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Forest-savannah dynamics on the Adamawa plateau (Central Cameroon) during the “African humid period” termination: A new high-resolution pollen record from Lake Tizong

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Author(s)

  • Judicaël Lebamba
  • Annie Vincens
  • Anne-Marie Lézine
  • Robert Marchant
  • Guillaume Buchet

Department/unit(s)

Publication details

JournalReview of Palaeobotany and Palynology
DateAccepted/In press - 2 Oct 2016
DateE-pub ahead of print - 3 Oct 2016
DatePublished (current) - Dec 2016
Volume235
Pages (from-to)129-139
Early online date3/10/16
Original languageEnglish

Abstract

Due to its transitional position, located between theGuineo-Congolian rain forest and the Sudanian savannah, the
Adamawa plateau of central Cameroon is ideally situated to record how forest and savannah composition and
distribution responded to changes in climate and human interactions during the Holocene. We present a
4000-yr old pollen sequence derived from the Lake Tizong sediments (7°15′N, 13°35′E, 1160 m a.s.l) analysed
at high-resolution (50 year intervals) that extends from the end of the African Humid Period to the present
day. The last 4000 years represents a critical period for understanding the environmental history of the region
as it covers the periodwhen people started to have strong impact on the surrounding ecosystems. The pollen sequence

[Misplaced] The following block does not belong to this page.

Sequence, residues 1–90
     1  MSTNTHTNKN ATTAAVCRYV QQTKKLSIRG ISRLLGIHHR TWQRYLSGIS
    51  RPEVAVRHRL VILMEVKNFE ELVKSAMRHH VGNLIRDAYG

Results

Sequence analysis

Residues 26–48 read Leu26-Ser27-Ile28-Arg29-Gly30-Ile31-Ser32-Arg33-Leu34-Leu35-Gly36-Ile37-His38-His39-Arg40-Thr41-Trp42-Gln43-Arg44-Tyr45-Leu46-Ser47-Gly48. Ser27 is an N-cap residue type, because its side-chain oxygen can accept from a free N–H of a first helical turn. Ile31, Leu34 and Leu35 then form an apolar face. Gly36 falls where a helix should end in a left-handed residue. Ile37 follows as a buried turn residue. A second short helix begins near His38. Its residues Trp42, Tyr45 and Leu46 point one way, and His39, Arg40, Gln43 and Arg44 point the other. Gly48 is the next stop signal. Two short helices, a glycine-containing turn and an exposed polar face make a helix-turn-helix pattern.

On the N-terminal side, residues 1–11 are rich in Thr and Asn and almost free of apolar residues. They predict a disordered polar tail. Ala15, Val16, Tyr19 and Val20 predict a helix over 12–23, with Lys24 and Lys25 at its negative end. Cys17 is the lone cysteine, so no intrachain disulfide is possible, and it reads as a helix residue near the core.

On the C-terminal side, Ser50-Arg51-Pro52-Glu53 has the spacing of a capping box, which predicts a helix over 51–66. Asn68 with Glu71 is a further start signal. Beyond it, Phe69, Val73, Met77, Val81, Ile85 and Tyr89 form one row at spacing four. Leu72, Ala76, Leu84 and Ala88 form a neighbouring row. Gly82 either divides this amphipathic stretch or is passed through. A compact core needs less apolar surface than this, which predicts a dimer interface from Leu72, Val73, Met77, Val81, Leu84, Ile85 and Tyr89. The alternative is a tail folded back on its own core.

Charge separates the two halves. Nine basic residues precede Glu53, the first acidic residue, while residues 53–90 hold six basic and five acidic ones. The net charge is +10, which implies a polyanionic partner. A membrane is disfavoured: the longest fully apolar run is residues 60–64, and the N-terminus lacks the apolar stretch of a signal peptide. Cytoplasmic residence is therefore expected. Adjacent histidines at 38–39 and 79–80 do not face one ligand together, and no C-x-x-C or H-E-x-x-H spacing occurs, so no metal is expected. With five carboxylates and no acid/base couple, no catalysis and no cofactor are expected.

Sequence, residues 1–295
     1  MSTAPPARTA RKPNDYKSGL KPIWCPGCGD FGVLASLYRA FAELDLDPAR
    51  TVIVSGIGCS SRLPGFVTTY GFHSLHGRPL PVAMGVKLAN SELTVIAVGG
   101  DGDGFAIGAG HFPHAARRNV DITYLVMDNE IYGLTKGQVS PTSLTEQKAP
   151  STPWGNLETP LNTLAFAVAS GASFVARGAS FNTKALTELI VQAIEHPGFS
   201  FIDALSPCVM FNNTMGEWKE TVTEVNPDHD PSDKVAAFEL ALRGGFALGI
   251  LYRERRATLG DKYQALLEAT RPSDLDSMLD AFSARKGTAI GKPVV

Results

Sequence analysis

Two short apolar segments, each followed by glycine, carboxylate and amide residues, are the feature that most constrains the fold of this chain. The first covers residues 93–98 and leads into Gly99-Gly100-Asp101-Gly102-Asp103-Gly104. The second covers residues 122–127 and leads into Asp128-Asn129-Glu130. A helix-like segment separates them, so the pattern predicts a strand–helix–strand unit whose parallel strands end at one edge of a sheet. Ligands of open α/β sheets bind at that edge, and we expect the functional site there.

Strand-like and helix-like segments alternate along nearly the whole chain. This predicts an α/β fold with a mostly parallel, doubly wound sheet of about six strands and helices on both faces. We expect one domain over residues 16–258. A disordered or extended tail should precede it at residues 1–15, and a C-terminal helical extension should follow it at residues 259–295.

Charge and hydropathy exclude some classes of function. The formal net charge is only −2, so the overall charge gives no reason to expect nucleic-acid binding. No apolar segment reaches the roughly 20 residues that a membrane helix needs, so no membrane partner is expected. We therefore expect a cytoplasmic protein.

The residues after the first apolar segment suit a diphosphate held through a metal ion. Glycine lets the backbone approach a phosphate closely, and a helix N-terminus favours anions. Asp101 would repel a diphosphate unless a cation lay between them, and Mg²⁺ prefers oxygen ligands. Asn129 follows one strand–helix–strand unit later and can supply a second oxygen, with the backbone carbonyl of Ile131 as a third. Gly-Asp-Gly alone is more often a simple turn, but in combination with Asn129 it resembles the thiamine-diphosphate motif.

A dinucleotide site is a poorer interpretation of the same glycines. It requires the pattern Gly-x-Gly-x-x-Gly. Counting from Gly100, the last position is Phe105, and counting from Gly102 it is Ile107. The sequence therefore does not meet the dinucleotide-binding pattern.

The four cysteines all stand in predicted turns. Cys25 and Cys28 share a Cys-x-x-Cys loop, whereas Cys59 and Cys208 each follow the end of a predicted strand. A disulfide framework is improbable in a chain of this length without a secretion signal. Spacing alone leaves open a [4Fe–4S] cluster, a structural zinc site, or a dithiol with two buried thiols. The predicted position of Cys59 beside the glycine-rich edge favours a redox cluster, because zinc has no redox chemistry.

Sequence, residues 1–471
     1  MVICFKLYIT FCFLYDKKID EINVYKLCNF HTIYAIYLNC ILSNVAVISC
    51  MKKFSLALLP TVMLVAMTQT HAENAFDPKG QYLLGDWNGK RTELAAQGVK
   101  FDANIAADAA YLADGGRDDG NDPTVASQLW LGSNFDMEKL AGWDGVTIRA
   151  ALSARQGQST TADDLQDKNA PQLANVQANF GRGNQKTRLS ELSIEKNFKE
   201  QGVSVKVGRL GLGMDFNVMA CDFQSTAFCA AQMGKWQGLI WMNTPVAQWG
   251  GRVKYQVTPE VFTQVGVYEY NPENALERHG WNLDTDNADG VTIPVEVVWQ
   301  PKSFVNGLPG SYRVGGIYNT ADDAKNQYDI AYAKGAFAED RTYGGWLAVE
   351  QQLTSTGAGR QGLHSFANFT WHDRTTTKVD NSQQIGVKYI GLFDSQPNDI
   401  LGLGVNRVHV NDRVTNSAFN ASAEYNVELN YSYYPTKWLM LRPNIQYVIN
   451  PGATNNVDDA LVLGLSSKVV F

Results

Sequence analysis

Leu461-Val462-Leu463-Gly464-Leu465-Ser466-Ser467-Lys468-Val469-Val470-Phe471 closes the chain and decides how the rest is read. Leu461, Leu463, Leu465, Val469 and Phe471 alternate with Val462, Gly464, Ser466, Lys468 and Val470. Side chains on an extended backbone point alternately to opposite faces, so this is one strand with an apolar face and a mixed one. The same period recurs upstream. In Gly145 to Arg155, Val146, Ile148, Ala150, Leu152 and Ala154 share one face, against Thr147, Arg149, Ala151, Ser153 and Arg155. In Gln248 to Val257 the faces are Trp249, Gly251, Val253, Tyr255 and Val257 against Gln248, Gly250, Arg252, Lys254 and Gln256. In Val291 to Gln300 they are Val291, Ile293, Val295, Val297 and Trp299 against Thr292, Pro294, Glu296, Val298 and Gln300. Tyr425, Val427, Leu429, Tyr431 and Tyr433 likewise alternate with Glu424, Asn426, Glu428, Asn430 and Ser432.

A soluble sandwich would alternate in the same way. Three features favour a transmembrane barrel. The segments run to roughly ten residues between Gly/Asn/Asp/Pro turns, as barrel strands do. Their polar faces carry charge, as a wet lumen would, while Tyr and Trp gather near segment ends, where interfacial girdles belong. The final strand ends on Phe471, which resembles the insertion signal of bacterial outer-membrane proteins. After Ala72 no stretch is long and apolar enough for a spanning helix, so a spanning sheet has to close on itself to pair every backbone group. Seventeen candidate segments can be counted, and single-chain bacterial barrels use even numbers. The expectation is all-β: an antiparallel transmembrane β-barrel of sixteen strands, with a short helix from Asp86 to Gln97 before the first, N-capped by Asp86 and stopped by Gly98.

distinguishes two short-duration forested phases that lasted between ca. 3900 and 3000 cal yr BP, and ca.
1900 and 1450 cal yr BP; these were against a backdrop of overall forest degradation from the mid-Holocene. A
critical ecological threshold occurred around 3000 cal yr BP when Poaceae reached higher percentages than forest
taxa, and savannah was established until the present day with a brief expansion of lowland semi-deciduous
forest, dominated by Myrianthus arboreus-type, between ca. 1000 and 700 cal. yr BP. Although, human impacts
and climatic factors driving vegetation change are difficult to differentiate, the late Holocene on the Adamawa
plateau was characterized by a variable climate that resulted in significant vegetation transition

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© 2016, Elsevier B.V. This is an author-produced version of the published paper. Uploaded in accordance with the publisher’s self-archiving policy.

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